REVIEW: Deadpool Annual #1
In the follow-up to Spider-Man Annual #38, Wade Wilson wreaks his own brand of havoc through an alternate universe in his own #1 Annual. How will Deadpool deal with Death Wish, Brain Dead, Deadeye, Dead Head and the dreaded Death Mask? Find out!
DEADPOOL ANNUAL #1: IDENTITY WARS 2 OF 3
Writer: John Layman
Artist: Juan Doe
Colorist: Fabio D’Auria
Letterer: VC’s Clayton Cowles
Cover Art: Steve McNiven, Mark Morales & Marte Gracia
Assistant Editor: Ellie Pyle
Publisher: Marvel Comics
“I’m Wade Wilson too. With the same healing factor. Only I’m not holding the bomb right in front of my face.”
Previously, on Identity Wars: Starting in Spider-Man Annual #38, Identity Wars tells the story of Spidey, Deadpool and Bruce Banner’s adventures in an alternate universe, where they are stranded after a mishap at Horizon Labs. In the previous annual, Spider-Man finds that his alternate universe counterpart is well-liked, successful, and has a living Uncle Ben. Only problem is, alternate Spidey has taken Jet Li’s The One to heart and is sucking the power out of other Spider-Men throughout the multiverse. But what’s Deadpool getting up to in the meantime?
I’m not sure why this storyline is taking place over three annuals (Spider-Man Annual #38, this one, and Incredible Hulks Annual #1), rather than just being its own miniseries, but whatever.
A DEADPOOL COMIC WORTH THE WAIT
Deadpool as a character lives or dies by how funny he’s written. And John Layman has written a very funny comic. If you’ve ever wanted to read a “What If…?” issue showcasing a world where Wade Wilson had become Doctor Doom, here it is. Layman deserves credit for the concept alone, but he really pushes to deliver a fun, funny comic and ends creating an enjoyable read. Deadpool’s gotten a bum deal lately, with too much exposure and not enough writers who really get the character. John Layman gets Deadpool. He’s the first writer to employ the dueling split-personality narration boxes that have been (sadly) de rigueur for ‘Pool without being horrible at it. This Deadpool is crazy and funny but never annoying.
Last issue, Deadpool ran off with his seeming alternate universe counterpart, Death Wish – a green-suited doppelganger that seemed to be different only in sartorial sensibility. However, it is quickly learned that in this universe, Death Wish has no healing factor, largely because he’s not Wade Wilson. That Doctor Doom stand-in with the raccoon circles around his mask? That’s Wade Wilson, and he runs the criminal syndicates, employing a wide range of familiar Marvel villains who have been re-imagined in a Deadpool style. Layman puts plenty of good jokes in the issue and tells a fun romp of a story. It’s just plain good. Layman also creates what might be the greatest and second greatest hugs in the history of the Marvel universe.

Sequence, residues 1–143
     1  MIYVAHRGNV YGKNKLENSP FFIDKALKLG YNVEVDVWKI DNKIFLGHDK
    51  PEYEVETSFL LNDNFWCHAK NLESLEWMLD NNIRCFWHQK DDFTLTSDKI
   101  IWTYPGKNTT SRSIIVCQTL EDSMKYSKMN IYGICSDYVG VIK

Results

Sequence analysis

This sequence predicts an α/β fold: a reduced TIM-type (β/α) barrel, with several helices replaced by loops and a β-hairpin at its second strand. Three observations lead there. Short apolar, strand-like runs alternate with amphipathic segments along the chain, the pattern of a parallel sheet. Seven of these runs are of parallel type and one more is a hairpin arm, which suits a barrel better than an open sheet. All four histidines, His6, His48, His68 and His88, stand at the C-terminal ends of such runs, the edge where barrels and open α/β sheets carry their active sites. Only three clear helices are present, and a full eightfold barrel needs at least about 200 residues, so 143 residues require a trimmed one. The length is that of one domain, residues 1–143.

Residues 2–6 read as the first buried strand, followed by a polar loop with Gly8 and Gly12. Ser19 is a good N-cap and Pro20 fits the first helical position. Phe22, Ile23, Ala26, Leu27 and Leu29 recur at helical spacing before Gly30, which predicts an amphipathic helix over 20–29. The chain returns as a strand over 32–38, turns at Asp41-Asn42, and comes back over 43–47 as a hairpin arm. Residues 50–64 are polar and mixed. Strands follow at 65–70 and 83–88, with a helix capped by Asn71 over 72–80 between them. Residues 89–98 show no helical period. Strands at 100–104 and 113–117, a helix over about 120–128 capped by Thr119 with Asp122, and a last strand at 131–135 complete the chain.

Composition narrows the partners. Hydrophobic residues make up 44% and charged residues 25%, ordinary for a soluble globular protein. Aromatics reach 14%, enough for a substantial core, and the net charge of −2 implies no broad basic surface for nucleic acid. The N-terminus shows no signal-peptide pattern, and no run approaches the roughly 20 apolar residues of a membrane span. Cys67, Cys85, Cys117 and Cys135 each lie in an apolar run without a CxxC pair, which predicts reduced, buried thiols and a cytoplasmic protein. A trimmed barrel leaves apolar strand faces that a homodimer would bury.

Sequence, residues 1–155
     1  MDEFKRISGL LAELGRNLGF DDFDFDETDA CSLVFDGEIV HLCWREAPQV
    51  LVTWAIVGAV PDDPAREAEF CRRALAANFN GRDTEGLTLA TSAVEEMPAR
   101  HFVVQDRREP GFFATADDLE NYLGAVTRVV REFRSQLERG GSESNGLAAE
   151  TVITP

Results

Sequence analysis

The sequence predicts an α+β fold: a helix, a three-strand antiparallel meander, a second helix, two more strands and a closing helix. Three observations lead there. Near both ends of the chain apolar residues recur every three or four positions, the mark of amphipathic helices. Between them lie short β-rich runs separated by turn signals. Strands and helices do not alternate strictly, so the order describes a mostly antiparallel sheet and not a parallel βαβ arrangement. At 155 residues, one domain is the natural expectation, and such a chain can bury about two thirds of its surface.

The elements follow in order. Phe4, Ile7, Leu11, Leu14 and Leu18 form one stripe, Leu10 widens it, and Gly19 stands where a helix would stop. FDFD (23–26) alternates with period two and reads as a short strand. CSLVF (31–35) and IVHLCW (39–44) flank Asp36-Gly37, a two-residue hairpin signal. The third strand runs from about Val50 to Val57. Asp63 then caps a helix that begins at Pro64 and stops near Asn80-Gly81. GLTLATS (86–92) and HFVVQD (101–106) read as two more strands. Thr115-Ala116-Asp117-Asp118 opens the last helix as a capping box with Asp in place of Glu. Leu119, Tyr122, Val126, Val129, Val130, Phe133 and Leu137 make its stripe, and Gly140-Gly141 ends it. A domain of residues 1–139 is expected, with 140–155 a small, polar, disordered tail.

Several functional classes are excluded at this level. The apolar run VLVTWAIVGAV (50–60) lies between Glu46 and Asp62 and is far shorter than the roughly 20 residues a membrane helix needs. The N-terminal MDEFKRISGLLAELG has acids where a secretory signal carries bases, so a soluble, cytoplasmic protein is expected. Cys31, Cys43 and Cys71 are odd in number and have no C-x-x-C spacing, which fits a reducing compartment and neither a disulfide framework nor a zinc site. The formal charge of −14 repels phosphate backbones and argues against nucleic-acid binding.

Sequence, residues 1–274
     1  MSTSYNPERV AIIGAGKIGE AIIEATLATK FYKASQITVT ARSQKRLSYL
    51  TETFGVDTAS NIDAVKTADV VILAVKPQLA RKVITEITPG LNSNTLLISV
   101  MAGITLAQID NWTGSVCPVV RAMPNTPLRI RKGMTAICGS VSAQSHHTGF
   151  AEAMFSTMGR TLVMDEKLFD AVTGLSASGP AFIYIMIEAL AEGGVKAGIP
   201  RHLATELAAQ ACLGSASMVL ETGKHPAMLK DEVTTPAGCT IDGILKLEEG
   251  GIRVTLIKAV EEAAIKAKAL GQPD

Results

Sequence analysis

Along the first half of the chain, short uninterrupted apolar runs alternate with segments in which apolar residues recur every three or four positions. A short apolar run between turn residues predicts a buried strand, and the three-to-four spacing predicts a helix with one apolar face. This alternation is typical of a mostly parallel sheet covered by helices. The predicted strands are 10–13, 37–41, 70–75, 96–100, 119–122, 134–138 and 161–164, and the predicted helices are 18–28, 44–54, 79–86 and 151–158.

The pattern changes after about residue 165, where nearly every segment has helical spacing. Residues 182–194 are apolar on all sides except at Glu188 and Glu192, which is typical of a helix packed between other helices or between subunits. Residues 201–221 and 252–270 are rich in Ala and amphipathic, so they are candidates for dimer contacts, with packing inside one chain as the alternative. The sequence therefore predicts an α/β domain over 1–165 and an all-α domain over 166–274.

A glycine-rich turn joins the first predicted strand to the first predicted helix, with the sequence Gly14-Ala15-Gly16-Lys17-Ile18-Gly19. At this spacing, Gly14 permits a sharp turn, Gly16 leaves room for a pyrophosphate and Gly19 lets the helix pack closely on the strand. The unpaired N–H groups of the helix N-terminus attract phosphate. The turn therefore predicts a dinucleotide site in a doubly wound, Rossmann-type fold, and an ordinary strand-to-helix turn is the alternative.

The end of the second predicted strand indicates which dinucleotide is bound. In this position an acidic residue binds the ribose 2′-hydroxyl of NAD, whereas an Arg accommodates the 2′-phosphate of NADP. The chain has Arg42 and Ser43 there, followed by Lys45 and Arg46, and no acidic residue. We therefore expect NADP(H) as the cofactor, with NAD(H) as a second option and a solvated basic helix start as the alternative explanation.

LOOKS AS GOOD AS IT READS
Juan Doe (which seems to be a pseudonym for Lee Garbett) employs a cartoony style perfect for Deadpool’s deranged antics. It reminded me somewhat of Ed McGuiness’s work during the Joe Kelly run, which is a good thing. Doe’s Deadpool is expressive, his action is kinetic, and his illustration sells the jokes. His backgrounds are sometimes a little sparse or absent, but on the stuff that really matters, like Spider-Man’s Spidercave (like the Batcave only with more Spider-Man) or the Bad Guy’s Warehouse, Doe delivers. Fabio D’Auria makes the pages pop and everything looks real nice.
CHECK IT OUT
This annual is good, not-so-clean, fun comics reading. The only people who won’t like this are people who just don’t like Deadpool, but it should appeal to all others. Of the three annuals, I was least interested in the Incredible Hulks one, but the last page reveal got me excited even for that. Layman’s funny, nuanced work on Chew is in a similar vein to this annual, and I’ll be really pleased if he can do more writing for Marvel in the future.
Deadpool Annual #1 contains 6 takakaakas, 3 brakkas, 2 skrasshhs, 2 fwams, 2 knocks, 2 pats, 2 booms, 1 bwoom, 1 bwooom, 1 klang, 1 fffffsh, 1 tcrassk, 1 fwack, 1 krack, 1 scrammm, 1 splutch, 1 scracckkk, 1 skraccck, 1 bam and 1 blam.
There are 8 gunshot wounds, 4 instances of severe cranial trauma, 2 bomb detonations, 2 magic blasts, 2 instances of vandalism, 1 shark attack, 1 lethal immolation and 1 ambulatory severed hand. 4 and a half out of 5 stars. Check it out.